Breaking the Credit Card Cycle

breakingthecreditcardcycle

When, exactly, did high consumer credit card debt become embedded in the American Dream?

There’s no specific answer to that question, although the situation has declined gradually over the past few decades. What we do know is that in total, American consumers owe $11.71 trillion in debt, up 3.8% from 2013, according to the financial web site Nerdwallet.com http://www.nerdwallet.com/blog/credit-card-data/average-credit-card-debt-household/. Meanwhile, U.S. consumers owe, in total, $881.8 billion in credit card debt, a figure that’s up 9.6% from 2013.

While credit cards are a necessary evil, when you’re trying to free yourself from loan debt, they can be more evil than necessary. That’s why it’s a great move, credit-wise, to pay your credit card bill down promptly, and thoroughly.

Here’s a blueprint to help you do that, but before you begin, make sure the credit-card bill is accurate. Analyze the bill. Make sure it matches your receipts. Sometimes, when you sign on the dotted line, you don’t double-check the amount of the purchase, or you underestimate how much you’ve spent using a credit card over a given month. A good look at your bill online will get you started in the right place.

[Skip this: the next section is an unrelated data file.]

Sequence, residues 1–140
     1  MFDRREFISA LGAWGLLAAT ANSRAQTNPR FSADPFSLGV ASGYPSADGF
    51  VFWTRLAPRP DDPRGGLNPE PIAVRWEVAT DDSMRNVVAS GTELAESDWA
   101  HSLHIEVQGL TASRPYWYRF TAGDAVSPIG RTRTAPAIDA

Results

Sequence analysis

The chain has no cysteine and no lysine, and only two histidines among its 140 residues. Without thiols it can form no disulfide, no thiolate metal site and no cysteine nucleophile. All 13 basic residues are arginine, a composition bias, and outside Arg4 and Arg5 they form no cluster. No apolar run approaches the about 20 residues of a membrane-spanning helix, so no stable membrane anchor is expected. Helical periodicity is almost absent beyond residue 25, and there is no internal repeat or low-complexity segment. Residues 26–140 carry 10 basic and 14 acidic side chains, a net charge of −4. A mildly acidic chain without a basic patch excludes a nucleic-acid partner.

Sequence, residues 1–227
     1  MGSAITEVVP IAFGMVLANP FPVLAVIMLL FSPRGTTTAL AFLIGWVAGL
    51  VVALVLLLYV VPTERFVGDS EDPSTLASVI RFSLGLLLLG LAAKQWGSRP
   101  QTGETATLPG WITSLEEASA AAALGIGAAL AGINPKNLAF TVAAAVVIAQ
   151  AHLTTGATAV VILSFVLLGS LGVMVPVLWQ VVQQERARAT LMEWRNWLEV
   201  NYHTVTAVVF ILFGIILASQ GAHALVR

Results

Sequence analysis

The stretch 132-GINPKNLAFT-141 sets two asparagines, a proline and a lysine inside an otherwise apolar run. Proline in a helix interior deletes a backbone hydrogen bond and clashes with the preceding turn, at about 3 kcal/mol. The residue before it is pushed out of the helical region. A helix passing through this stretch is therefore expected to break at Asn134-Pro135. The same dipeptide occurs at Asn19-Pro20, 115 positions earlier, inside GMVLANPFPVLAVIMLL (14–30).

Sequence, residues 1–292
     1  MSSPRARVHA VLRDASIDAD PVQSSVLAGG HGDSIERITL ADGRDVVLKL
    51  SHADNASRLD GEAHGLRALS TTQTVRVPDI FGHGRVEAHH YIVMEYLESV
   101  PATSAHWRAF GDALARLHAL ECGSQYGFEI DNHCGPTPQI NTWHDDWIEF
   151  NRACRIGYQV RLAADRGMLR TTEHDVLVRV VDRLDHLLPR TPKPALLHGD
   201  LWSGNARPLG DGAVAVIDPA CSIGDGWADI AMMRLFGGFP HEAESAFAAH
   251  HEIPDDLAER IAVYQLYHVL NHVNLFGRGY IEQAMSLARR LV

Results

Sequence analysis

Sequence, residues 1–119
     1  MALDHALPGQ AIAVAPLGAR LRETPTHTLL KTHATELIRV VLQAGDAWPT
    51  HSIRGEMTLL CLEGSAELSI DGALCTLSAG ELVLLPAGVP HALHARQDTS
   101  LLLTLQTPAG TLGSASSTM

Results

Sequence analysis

Going the single-payment route

If you can manage it, consider a single payment for your credit card debt. If you can find the money to pay off all your credit card debt, you’ll get back on solid financial ground quickly and without paying additional interest.

Aiming high

Paying off the credit card with the highest interest rate first is the next-best method to making a single payment. You’ll want to pay as much as you can to that account and then send the minimum payment due to each of your other credit card accounts.

Keeping it steady

Keep making those credit card payments, without fail. You don’t need late fees, they just add to the amount you’re trying to cut down to size.

Getting a HELOC

Should you consider a home equity loan to pay off credit card debt? Yes, if you can handle it responsibly. The interest on home equity loans is typically lower than credit card rates and is usually tax deductible. Careful, though, HELOCs can be as easy to abuse as credit cards, particularly if you have a line of credit, so you need to be disciplined and use the money strictly to pay down your card debt.

Surfing to a lower rate

Another creative way to pay off your debt is to transfer your balances to lower-rate accounts, known as “credit card surfing.” This method works until you run out of lower-interest opportunities. However, it does allow you to reduce interest fees and pay more against your existing balance.

Meanwhile, don’t fall for any “too good to be true” deals from your credit-card company offering to lower your minimum payment or saying that, because you’re such a good customer, you can skip this month’s payment. That sounds enticing, but remember, the interest-rate clock is always ticking, and you want to kill that clock as soon as possible.

Cutting credit card debt is one-part discipline, one-part creativity, and one-part organization. Combine all three to conquer your credit card debt, once and for all.

Posted in Finance
Learn how it works

Questions about credit repair?

Chat with an expert: 1-800-255-0263

Facebook Twitter LinkedIn